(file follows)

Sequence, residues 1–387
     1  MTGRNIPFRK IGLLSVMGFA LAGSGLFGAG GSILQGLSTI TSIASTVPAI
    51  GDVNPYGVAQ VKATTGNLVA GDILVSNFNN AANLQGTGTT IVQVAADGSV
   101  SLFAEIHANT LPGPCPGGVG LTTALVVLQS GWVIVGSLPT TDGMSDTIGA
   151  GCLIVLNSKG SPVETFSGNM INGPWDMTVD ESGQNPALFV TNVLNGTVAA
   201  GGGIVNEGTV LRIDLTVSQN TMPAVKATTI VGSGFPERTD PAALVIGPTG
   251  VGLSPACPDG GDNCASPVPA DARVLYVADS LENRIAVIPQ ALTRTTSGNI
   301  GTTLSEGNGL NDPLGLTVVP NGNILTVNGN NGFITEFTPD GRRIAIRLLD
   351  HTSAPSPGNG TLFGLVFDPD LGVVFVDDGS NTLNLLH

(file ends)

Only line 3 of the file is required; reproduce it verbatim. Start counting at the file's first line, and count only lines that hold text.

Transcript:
    51  GDVNPYGVAQ VKATTGNLVA GDILVSNFNN AANLQGTGTT IVQVAADGSV